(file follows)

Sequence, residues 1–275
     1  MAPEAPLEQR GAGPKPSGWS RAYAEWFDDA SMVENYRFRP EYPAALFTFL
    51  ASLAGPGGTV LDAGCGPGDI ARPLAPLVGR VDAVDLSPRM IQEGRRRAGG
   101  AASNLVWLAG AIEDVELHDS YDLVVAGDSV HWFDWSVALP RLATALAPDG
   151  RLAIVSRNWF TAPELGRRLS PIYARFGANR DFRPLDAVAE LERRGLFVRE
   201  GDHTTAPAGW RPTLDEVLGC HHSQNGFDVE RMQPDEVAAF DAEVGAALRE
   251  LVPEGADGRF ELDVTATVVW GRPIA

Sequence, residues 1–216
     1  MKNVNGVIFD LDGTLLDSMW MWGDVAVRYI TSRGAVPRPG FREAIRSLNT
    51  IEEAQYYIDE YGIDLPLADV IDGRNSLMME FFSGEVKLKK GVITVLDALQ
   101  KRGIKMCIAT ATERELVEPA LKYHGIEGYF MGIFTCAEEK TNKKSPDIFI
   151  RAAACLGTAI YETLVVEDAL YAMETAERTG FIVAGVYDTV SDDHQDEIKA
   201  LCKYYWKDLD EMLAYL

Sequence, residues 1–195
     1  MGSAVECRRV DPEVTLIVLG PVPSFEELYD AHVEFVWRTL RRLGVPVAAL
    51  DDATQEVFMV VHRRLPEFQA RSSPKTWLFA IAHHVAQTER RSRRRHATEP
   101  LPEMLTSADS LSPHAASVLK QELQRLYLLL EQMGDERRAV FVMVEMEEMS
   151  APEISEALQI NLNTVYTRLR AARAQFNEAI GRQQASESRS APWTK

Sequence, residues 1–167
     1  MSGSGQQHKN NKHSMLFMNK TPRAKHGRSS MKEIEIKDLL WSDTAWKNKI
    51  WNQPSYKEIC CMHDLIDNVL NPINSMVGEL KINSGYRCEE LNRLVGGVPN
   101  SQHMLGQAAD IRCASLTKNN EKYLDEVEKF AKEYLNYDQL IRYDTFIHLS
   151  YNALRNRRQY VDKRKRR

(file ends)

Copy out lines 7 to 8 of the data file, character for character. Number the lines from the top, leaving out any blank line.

   251  LVPEGADGRF ELDVTATVVW GRPIA

Sequence, residues 1–216